Don’t use trumpets, whistles to welcome 2021, DOH warns public
MANILA, Philippines — Due to the COVID-19 pandemic, health officials have discouraged the use of trumpets and whistles as an alternative to firecrackers in welcoming the New Year.
During the launch of the government’s annual anti-firecrackers campaign, an official from the Department of Health (DOH) said the saliva from used trumpets and whistles may be a source of transmission of the virus that causes COVID-19.
“What is new for this year’s campaign is we don’t recommend the use of noisemakers using the mouth that will cause the transfer of saliva, like whistles and trumpets,” Health Undersecretary for Public Health Services Myrna Cabotaje said during the online launch on Thursday.
Due to the pandemic, the DOH urged the public to avoid noisemakers that could transmit COVID-19 and other diseases via saliva.
The DOH instead recommended seven alternatives to firecrackers: drums, car horns, pots and pans, coin banks, tambourines, glow sticks, and playing loud music.
Cabotaje also reiterated the official warning against holding large social gatherings to celebrate Christmas and the New Year, saying this could lead to a surge in COVID-19 cases.
“Given the pandemic, we must continue to adhere to minimum health standards, such as use of face masks, sanitizing hands, and maintaining social distancing,” she said.
The DOH suggested face masks and face shields as Christmas gifts to remind the receiver to wear them while the country remains in the grip of the COVID-19 pandemic.
The public has been warned not to let their guard down as the DOH reported 1,383 new confirmed coronavirus infections and 24 additional deaths on Thursday.
The 1,383 new cases brought the official number of COVID-19 cases to 445,540, of which 27,781 are still active.
The DOH announced that 24 more people died of COVID-19, including 11 who were previously tagged as recovered, which raised the total death toll to 8,701.
At the same time, 133 more people have recovered from the disease, so COVID-19 survivors now total 409,058, or 91.8 percent, of the total cases.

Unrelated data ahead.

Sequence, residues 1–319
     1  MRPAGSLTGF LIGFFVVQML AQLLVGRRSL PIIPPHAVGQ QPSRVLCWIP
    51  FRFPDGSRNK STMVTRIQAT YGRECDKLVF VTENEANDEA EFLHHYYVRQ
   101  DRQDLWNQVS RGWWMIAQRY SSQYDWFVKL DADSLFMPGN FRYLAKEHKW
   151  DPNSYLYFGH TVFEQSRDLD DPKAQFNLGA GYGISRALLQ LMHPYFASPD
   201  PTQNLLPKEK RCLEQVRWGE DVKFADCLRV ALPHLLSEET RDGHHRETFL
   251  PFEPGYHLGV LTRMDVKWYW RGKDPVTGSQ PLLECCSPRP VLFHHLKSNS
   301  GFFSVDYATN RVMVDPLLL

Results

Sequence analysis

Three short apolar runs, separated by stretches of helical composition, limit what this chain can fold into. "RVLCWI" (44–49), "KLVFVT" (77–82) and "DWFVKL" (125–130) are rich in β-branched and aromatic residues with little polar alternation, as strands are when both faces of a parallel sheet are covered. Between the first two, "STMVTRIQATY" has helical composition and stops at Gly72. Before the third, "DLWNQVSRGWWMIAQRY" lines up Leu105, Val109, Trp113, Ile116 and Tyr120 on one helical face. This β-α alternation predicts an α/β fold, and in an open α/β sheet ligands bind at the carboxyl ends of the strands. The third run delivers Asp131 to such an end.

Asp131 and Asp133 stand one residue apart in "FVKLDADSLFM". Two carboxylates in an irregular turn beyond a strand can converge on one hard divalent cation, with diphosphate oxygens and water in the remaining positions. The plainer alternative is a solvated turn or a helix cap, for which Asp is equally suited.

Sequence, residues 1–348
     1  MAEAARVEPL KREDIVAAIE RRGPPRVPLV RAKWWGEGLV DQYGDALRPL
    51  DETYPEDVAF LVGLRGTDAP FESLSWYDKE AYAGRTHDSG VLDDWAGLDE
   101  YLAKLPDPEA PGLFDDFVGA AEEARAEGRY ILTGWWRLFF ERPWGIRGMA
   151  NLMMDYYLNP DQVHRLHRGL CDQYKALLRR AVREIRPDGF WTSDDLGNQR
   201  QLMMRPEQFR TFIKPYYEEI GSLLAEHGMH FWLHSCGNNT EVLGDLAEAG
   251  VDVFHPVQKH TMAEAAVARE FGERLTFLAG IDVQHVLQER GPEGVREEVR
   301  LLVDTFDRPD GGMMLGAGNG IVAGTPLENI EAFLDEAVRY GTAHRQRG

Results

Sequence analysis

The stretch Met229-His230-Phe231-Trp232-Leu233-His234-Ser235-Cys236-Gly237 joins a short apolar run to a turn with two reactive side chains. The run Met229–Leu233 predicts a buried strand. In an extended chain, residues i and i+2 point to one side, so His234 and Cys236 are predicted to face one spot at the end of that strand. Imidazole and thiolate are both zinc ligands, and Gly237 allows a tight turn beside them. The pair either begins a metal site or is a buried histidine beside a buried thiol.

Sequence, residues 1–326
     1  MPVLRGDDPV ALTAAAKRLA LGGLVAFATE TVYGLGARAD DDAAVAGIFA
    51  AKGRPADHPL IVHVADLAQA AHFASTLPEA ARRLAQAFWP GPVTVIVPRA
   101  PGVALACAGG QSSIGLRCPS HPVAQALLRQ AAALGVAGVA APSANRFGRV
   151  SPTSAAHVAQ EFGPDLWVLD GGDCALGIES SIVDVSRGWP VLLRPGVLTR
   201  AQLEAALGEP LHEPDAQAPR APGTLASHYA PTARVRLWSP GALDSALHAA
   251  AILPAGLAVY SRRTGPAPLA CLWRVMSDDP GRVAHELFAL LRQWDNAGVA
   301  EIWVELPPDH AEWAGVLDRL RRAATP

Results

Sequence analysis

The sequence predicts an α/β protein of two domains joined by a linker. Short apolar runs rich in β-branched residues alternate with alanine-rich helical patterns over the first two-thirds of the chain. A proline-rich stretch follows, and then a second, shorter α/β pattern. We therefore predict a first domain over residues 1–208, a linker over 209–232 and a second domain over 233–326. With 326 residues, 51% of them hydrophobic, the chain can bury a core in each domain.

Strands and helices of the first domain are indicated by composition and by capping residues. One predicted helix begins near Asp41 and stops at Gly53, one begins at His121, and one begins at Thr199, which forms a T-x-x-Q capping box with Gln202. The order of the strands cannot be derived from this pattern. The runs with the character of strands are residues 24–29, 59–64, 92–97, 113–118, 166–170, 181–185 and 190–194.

Less the recoveries and deaths, there are still 27,781 people who are still infected with the coronavirus, which is 6.2 percent of the total confirmed cases.
Nine laboratories were not able to submit their data, according to the DOH.
Science Secretary Fortunato dela Peña on Thursday said only the COVID-19 vaccines of the Chinese firms Sinovac Biotech Ltd. and Clover Biopharmaceuticals Inc. have been given clearance to conduct clinical trials in the Philippines.
Speaking at the televised Laging Handa public briefing, Dela Peña said the Sinovac and Clover vaccines have been both cleared by the government’s vaccine evaluation panel and ethics board.
The vaccines of United States-based Janssen Pharmaceuticals and British firm AstraZeneca have obtained ethics clearance and are just waiting for the conclusion of vaccine evaluation, Dela Peña added.
The secretary said it would be the Food and Drug Administration (FDA) that would give the final approval for the vaccines and would also oversee the clinical trials.
As for the World Health Organization’s Solidarity Trials for COVID-19 vaccines, Dela Peña said the Philippines was only awaiting the announcement on what vaccines would be tested.
Meanwhile, presidential spokesperson Harry Roque said President Rodrigo Duterte expressed confidence that the country’s procurement of vaccines would not be hounded by bribery allegations such as those hurled against Sinovac.
“We are consistently saying that we will only allow the use of vaccines that are proven to be safe and effective against COVID-19. The President has full trust in [FDA Director General Eric] Domingo, so when it comes to allegations on bribery, my view is that that won’t happen in the Philippines,” Roque said at a briefing.
The Inquirer Foundation supports our healthcare frontliners and is still accepting cash donations to be deposited at Banco de Oro (BDO) current account #007960018860 or donate through PayMaya using this link.